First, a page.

Saturday, November 15, 2014

Hope & Its Mysterious Alternative

Muhammad Rasheed - In 1965, a Daniel Patrick Moynihan published a comprehensive report compiling data on the experiences and conditions of the Black American poor.  He listed the hardships they went through during slavery and jim crow, and explained how those events contributed to the continued hardships they experienced in the modern day, as contrasted to the Black American middle class who were steadily getting more prosperous, creating an increasing economic gap between the two.  In response to government measures to fix the problem using the Aid to Families with Dependent Children (AFDC) program, Moynihan warned that that particular program, in the way it was structured, would actually continue the downward spiral of the poor’s degradation.   Moynihan said that the family unit was one of the few positive things the poor had, but the AFDC’s policy of only providing aid to those families without a father in the home, would actually serve to break up the family, in fact encouraging the father figure to stay away and/or be driven away.  Such a situation, as predicted by Moynihan, would create an increase in juvenile delinquency, which would snowball into increased crime/poverty for the next generations to come.  Statistics of the time, and the statistics collected in the decades since, proved Moynihan’s warnings to be accurate.

The phrase “blaming the victim” is currently used most often in cases of violent crimes such as rape, in which the fault of the crime is placed upon the victim by the perpetrator and his defense team.  But the phrase originally came from a William Ryan, used as the title of his book written as the refutation of Moynihan’s The Negro Family: The Case for National Action report.  Although Moynihan intended the information presented to be the factual working basis of a call to action to save the poor classes of the Black American family, Ryan felt that the report did little but blame the victims for circumstances outside of their control.  Other anti-Moynihan Report vocal opponents also took this stance, making any subsequent efforts to analyze and provide concrete solutions to that demographics’ plight a political hot potato that no one wanted to seriously touch.  Over time, as the “politically correct” era came into its own, “the problem of poor blacks” turned into something of a caricature, and although everyone in the public sphere has expressed unexplored, poorly thought out opinions of the matter [see: Cliven Bundy], no serious efforts have been made to address the issue for fear of being labeled with the ‘blaming the victim’ stamp, potentially losing coveted votes.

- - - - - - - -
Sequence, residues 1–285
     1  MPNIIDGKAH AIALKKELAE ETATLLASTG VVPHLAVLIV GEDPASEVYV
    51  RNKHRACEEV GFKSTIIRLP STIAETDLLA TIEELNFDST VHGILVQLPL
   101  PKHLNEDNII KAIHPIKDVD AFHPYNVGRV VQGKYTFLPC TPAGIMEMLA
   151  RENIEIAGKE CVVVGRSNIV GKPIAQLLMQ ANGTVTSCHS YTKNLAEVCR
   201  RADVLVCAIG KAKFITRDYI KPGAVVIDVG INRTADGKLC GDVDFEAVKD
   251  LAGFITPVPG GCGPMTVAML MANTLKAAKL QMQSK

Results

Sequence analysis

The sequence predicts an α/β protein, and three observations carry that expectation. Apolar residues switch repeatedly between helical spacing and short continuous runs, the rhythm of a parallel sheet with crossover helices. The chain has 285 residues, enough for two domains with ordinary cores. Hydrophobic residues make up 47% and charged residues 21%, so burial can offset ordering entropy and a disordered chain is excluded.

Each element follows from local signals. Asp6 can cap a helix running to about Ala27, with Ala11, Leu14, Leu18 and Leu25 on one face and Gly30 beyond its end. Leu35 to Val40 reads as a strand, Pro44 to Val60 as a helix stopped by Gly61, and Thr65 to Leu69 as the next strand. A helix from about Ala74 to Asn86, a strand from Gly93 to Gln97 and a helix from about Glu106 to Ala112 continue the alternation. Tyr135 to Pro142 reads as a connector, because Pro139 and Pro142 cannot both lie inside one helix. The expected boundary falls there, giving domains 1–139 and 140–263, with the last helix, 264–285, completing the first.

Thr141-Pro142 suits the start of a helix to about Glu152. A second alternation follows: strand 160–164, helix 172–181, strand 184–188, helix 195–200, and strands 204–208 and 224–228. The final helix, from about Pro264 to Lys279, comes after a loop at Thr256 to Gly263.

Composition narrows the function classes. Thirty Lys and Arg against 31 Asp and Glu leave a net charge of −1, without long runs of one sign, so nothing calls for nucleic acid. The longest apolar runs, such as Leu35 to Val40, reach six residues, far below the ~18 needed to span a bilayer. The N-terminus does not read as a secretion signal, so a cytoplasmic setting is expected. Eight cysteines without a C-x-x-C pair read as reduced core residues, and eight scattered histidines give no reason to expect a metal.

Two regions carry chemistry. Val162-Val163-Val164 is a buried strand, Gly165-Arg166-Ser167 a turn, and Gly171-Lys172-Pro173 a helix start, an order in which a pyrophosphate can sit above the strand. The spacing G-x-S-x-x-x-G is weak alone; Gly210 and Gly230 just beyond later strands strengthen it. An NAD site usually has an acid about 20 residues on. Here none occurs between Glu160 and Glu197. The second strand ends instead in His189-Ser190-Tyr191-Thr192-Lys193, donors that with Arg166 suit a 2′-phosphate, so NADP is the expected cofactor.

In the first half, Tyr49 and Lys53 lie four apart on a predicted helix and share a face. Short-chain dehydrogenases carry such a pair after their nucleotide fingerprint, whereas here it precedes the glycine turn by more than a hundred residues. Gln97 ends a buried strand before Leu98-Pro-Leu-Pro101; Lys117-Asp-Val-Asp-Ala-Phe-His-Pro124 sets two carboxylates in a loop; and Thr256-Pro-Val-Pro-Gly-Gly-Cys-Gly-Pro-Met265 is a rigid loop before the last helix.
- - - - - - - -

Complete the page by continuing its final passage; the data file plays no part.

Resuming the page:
Conspicuously, the polished rhetoric that has built up to immediately shut down any necessarily “tough love” efforts to seriously address the poor situation in the African-American lower class communities, lacks any kind of solution itself, remaining the same level of angry empty rant that William Ryan’s original work contained.   Throughout human history poverty has only been cured by education/training in valuable skill sets, combined with the practical application of those skills in action in exchange for an appropriate living wage, but the followers and descendants of Ryan’s Blaming the Victim rhetoric feel that message should not be spoken to the lower classes because it’ll make them feel bad.  That it will only remind them of their plight, and the bad memories of the past, and the idea that some of them, for whatever reason, may quit before the training/work combination is complete means that none of them should be given the opportunity to succeed through that actually successful route.

All that is missing is an actual solution from them as to what will fix the problem.  Since they are opposed to the only means of any true hope the poor have to escape their condition, being the tried & true formula of education + hard work + perseverance/determination = success, what formula do they propose instead that will cure/shrink the numbers of poor blacks and reverse the trend of growing poverty? 

Pharrell Williams' journey to success, as expressed during his Oprah interview, gave somewhat of a parallel insight into the attitudes that led to the steady decline of the poor black neighborhoods, and his 'New Black' concept reflects him noticing that to reverse the trend requires a significant change in attitude as the only antidote. The descendants of William Ryan's Blaming the Victim rhetoric... equally as worthless in the modern day as it was in the '60s... criticize his philosophy as being out of touch with the struggle, while continuing to provide an opinion that is not only void of any kind of solution whatsoever, but contributes to the coddled, defeatist attitude that will continue the decades old trend of the black poor's downward spiral into disaster.

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